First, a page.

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  • Sold out
    £16.99

    Reading the Bible with the Damned

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    Exploring the challenges that both the churched and the unchurched have faced regarding giving and receiving the word of God, Bob Ekblad encourages us all to learn to read the Bible together as a whole. In this compelling book, he reflects on how Christians have often found it difficult to proclaim God's good news to every realm of society, while those who have needed it most have frequently deemed themselves unworthy due to social circumstances or sinfulness. In Reading the Bible with the Damned, Ekblad offers concrete advice on how to bridge this gap through a variety of insights ultimately leading to spiritual transformation. This book is full of examples of how Scripture changes lives for those who attend Bible studies and for those who lead them, offering practical suggestions on many passages from the Old and New Testaments.
    £16.99
    £16.99
  • £9.99

    What Do We Do With the Bible?

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    What do we do with the Bible? Does this ancient, sometimes violent and contradictory text have anything to teach us today? Selective use of Scripture - by preachers and politicians alike - has been employed to justify violence, racism, misogyny, homophobia . . .the list goes on. Still, we believe the Bible has something important to say. How can we read it in a contemplative and intelligent way? In "What do we do with the Bible?", Richard Rohr answers just this question. He offers a methodology of hermeneutics (interpretation) that creates a foundation for a hopeful and cosmic vision - incarnation from beginning to end of time. (He explores this vision further in The Universal Christ). In particular, Father Richard focuses on Jesus' own method of using his Hebrew Scriptures. Jesus read between the lines to find and follow God's mercy, inclusion, and compassionate justice. For him, everything came down to relationship and transformation.
    £9.99
    £9.99
  • £9.99

    The Universal Christ : How a Forgotten Reality Can Change Everything We See, Hope For, and Believe

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    Across the 30,000 or so varieties of Christianity, believers universally love Jesus. They have no trouble accepting his humanity and his divinity. Many express intimations of his close presence in their lives; a fear of his judgment and wrath as well as a love of his compassion; a justification for their worldviews and politics (of all persuasions), and firm convictions about his atonement for their sins and thus his centrality in their personal salvation. But who is Christ? Is Christ simply Jesus's last name, denoting his role as saviour of humanity, as messiah? What is Christ? How is his function or role different from Jesus's? Are we missing something fundamental because of our overwhelming emphasis on Jesus to the exclusion of the Christ, or our misunderstanding of what it means that Jesus was `the Christ'? Could it be that such limited views are contributing to the slow and painful erosion of Christianity in western culture, to its insularity and insistence on purity and exclusion? These are questions Fr Richard Rohr has been pondering for many years. In his ecumenical and scripturally grounded books on contemplation, mysticism and many more topics, he has emphasized the importance of a large framework for understanding the nature of 'what is' and what lasts, of unity and the ultimate reality of God's presence in all of creation-Christian and non-Christian, human and non-human. Could it be that Jesus, who is the Christ, is offering us a model and example on how to live inside `this Big Frame?'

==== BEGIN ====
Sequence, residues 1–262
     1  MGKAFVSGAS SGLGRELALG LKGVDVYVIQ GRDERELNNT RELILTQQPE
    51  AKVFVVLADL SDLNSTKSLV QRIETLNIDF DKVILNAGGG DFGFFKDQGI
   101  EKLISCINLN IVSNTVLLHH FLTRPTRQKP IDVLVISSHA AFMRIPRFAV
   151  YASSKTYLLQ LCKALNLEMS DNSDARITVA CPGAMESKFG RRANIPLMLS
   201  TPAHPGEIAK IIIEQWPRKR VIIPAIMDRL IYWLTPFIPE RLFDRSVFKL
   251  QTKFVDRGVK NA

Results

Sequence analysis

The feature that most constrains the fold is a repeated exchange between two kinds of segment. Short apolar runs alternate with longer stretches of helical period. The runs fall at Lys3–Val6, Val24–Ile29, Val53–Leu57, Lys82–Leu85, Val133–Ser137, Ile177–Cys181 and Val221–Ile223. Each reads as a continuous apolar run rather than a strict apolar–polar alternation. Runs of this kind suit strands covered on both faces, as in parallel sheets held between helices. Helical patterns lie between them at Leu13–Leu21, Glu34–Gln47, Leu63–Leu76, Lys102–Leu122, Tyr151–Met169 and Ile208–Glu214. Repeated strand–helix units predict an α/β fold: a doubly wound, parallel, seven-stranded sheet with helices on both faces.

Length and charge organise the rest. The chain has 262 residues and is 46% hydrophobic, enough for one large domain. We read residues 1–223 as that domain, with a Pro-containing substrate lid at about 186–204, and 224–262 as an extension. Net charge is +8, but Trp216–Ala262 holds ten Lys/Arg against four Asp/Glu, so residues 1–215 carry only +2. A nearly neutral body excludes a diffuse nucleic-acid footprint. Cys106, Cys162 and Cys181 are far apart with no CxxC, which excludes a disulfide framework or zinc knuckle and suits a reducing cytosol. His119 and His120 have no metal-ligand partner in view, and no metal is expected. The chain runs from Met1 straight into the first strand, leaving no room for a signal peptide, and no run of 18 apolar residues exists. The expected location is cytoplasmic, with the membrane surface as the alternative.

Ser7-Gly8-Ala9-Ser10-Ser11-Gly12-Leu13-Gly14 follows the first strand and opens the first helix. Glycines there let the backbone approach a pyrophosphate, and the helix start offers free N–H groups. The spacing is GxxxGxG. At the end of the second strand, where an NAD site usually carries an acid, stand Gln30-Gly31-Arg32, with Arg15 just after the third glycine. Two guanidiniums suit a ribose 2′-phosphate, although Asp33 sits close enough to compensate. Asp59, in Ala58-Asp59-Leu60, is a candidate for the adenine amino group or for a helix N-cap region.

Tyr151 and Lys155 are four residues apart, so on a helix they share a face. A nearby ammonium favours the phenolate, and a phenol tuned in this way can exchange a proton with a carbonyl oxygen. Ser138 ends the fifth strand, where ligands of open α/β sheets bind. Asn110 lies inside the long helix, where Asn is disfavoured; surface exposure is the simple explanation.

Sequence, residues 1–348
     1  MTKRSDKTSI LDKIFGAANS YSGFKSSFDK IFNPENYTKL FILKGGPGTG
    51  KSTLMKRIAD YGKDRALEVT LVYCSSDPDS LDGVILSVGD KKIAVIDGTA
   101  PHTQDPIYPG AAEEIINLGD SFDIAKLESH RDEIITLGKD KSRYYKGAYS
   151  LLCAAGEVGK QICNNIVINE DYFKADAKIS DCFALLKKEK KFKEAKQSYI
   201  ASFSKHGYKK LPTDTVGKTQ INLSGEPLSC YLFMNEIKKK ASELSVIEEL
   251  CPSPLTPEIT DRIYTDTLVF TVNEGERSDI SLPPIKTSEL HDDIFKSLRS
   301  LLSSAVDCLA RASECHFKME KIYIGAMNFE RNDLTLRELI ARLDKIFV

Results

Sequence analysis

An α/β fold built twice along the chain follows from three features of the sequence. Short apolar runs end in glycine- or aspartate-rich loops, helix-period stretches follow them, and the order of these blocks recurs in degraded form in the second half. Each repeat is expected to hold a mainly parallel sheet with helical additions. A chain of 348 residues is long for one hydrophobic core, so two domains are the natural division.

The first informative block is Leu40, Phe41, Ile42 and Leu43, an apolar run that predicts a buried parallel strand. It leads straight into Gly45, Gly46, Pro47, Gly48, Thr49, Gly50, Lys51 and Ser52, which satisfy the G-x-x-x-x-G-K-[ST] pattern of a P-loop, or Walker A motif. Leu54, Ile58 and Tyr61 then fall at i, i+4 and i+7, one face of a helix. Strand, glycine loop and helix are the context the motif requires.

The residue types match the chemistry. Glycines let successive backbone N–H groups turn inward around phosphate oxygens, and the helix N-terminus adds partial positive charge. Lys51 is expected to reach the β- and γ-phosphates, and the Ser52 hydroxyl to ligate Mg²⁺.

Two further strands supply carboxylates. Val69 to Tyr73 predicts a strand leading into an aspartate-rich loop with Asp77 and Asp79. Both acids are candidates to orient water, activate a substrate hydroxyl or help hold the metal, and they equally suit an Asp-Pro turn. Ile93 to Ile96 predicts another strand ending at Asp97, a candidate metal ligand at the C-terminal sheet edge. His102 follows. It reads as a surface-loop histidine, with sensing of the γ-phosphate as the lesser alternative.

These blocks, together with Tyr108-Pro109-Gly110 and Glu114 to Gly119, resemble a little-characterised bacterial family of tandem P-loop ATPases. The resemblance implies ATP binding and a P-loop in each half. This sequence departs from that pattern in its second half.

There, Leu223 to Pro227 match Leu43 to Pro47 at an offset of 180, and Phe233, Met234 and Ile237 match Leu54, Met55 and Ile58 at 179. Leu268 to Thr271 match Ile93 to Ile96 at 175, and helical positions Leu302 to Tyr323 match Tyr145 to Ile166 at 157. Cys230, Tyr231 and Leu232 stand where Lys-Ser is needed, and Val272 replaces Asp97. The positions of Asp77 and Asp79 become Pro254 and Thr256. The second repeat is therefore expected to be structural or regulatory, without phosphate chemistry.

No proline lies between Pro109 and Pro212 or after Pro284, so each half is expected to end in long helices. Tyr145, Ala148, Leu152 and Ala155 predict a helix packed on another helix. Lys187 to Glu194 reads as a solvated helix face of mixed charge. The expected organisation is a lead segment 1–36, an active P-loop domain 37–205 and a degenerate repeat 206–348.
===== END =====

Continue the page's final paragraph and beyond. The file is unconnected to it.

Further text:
£9.99
    £9.99
  • £12.00

    Obtainable Expectations; a timely exposition of the Sermon on the Mount

    Obtainable Expectations shows the reader how to apply the principles of the Sermon on the Mount in one's life and ministry.
    £12.00
    £12.00
  • £10.99

    Speaking of Sin

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    In Speaking of Sin, Barbara Brown Taylor brings her fresh perspective to words that often cause us discomfort and have widely fallen into neglect: sin, damnation, repentance, penance, and salvation. Asking why we should speak of sin at all, she argues that abandoning words will not make sin go away, and that alienation, deformation, damnation and death will continue no matter what we call them. Abandoning the language will simply leave us speechless before them, and increase our denial of their presence in our lives. Ironically, it will also weaken the language of grace, since the full impact of forgiveness cannot be felt apart from the full impact of what has been forgiven. Contrary to the prevailing view, Taylor calls sin “a helpful, hopeful word.” Naming our sins, she contends, enables us to move from guilt to grace. In recovering this lost language of salvation in our worship and in the fabric of our individual lives, we have an opportunity to take part in the divine work of redemption.
    £10.99
    £10.99
  • Paradox in the Gospel
    Paradox in the Gospel
    £4.00

    Paradox in the Gospel

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    Life and the gospel contain a good deal of paradox, but a survey has showed that evangelists often ignore it. Here Jim Currin wants to stir a discussion to make evangelism more effective, in the belief that acknowledging paradox makes the gospel more exciting, relevant, and attractive to today's spiritual seeker.
    £4.00
    £4.00